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Time to get technical and understand your super

2023-07-24 04:30

Understanding super

This section gives you more information on technical and defined terms for superannuation.

We provide links to other sites for those who wish to dive into the detail, or be across the latest legislation and regulatory changes.

How the super contribution cap works

One way of topping up your super is to make additional contributions. There are two important contribution limits to be aware of: ‘concessional’ (before-tax) and ‘non-concessional’ (after-tax) contributions caps.

Concessional contributions may be paid into your super from income that hasn’t been taxed. Non-concessional contributions are amounts paid into your super from income that you have already paid tax on.

Both types of contributions have ‘caps’ on the amount you can put in each financial year. If you exceed these caps you may have to pay extra tax.

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How to split your super contributions

To help boost your spouse’s super, you may be able to split some of your concessional super contributions with your spouse. This could be an attractive option if your spouse is in part-time work or has taken an employment career break.

Contributions splitting not only gives a boost to a spouse’s super balance but it can also benefit couples where one spouse’s super balance is set to exceed individual limits.

To split contributions, you can download a form from the ATO and generally the split is only permitted in the financial year immediately after the year in which the contributions were received by your super fund.

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How to boost your spouses' super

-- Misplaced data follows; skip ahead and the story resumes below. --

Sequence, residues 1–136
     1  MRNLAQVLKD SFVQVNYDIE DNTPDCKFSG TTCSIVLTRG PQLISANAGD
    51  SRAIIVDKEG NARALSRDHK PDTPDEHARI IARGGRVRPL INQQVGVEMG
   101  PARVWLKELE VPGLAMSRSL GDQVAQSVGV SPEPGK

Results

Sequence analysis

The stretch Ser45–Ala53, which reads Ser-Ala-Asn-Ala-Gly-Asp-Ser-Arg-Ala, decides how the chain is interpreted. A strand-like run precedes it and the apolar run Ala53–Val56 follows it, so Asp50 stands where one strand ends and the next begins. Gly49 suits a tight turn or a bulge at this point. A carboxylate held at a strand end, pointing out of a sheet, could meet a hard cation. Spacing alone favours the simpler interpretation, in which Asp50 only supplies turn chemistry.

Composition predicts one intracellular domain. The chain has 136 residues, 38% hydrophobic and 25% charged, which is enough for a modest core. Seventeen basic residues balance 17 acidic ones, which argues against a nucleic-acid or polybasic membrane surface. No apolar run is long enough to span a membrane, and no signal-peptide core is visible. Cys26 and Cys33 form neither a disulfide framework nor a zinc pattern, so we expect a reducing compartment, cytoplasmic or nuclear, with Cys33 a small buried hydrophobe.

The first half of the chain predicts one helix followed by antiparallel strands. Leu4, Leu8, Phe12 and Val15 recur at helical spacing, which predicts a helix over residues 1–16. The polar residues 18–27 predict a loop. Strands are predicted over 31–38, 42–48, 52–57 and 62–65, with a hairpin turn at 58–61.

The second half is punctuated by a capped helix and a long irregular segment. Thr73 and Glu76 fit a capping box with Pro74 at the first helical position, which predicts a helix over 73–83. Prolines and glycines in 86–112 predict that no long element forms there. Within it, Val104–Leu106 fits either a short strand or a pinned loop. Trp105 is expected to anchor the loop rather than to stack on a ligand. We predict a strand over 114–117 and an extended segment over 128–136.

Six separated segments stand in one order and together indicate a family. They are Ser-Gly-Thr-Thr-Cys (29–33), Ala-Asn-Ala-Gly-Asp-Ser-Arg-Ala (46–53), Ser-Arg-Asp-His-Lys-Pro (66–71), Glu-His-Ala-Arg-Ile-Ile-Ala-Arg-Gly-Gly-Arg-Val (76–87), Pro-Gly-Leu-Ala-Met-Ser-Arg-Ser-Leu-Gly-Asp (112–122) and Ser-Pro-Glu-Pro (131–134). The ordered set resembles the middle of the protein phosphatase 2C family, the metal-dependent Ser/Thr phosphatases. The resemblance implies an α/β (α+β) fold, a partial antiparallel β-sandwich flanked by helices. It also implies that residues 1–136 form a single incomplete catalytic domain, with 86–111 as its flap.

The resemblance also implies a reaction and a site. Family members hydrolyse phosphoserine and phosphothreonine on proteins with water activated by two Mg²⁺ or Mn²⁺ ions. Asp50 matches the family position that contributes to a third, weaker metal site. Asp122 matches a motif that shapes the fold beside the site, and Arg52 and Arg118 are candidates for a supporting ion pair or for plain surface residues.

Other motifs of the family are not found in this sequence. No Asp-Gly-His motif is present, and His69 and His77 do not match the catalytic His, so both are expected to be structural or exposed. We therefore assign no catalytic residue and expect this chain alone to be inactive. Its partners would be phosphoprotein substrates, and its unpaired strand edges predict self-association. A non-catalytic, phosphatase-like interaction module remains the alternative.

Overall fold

If your spouse isn’t working, or is a low income earner, you can boost their super by making a spouse super contribution. These contributions are after-tax contributions and count towards the receiving spouse’s non-concessional contributions cap.

You may be able to claim a tax offset on making spouse contributions if all the required conditions are met.

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How government super co-contributions work

If you’re a low-income earner making after-tax contributions to your super, the government has a scheme to help give your balance a lift.

Known as co-contributions, the government contributes an amount to your super based on your income and how much after-tax contributions you made in that financial year.

The amount is automatically worked out when you lodge your tax return and other factors may impact your eligibility, such as your age and superannuation balance.

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How personal contributions can boost your super

Personal contributions into your super fund are a way you can boost your super using your take-home salary or personal savings. These contributions count towards your non-concessional contributions cap except to the extent you are allowed a tax deduction for the contributions.

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How salary sacrifice works

Salary sacrificing is a voluntary arrangement between you and your employer where you agree to redirect some of your before-tax (or gross) salary into super.  It may be a tax effective strategy to increase your super balance.

Salary sacrifice contributions are concessional contributions and they count against your concessional contributions cap. The sacrificed amount of your salary is not counted as income to you for tax purposes.

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What is a super beneficiary nomination and how does it work?

A beneficiary is a person you nominate to receive your super if you die. There are two key types of beneficiary nominations: